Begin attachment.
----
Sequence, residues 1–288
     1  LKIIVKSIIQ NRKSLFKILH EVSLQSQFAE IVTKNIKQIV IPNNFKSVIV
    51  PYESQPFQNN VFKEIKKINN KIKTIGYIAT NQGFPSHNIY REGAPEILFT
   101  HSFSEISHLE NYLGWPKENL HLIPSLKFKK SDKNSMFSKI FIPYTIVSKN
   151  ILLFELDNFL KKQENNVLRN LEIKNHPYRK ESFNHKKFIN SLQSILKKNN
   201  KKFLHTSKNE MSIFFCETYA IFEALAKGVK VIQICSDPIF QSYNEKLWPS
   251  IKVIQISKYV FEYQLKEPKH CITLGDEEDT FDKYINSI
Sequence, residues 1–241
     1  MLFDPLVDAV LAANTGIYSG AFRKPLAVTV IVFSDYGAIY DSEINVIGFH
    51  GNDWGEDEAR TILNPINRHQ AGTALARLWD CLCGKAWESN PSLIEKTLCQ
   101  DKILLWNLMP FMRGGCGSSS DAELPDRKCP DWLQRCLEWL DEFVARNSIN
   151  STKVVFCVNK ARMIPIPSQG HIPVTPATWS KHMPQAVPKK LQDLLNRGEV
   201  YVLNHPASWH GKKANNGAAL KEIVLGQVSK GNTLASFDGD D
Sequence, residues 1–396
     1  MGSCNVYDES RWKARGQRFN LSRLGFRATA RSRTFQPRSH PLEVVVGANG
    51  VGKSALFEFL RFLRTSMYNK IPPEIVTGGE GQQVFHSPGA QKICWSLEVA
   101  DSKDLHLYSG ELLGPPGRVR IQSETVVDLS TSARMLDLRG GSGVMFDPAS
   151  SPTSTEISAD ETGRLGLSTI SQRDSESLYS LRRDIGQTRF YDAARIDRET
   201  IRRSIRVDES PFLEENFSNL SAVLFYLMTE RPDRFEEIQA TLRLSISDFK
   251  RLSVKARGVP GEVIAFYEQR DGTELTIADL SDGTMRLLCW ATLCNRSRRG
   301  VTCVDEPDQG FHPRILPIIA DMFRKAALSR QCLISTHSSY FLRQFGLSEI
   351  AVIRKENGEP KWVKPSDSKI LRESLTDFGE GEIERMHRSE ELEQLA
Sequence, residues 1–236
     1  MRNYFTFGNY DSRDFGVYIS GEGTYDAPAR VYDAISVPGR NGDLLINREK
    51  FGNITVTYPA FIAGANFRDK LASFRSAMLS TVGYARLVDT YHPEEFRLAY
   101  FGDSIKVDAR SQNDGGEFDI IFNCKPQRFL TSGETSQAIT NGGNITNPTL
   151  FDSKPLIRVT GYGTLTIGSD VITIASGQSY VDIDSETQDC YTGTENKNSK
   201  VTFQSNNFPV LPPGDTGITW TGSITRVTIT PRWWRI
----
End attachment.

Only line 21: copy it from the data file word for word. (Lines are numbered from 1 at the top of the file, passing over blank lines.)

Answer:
   301  VTCVDEPDQG FHPRILPIIA DMFRKAALSR QCLISTHSSY FLRQFGLSEI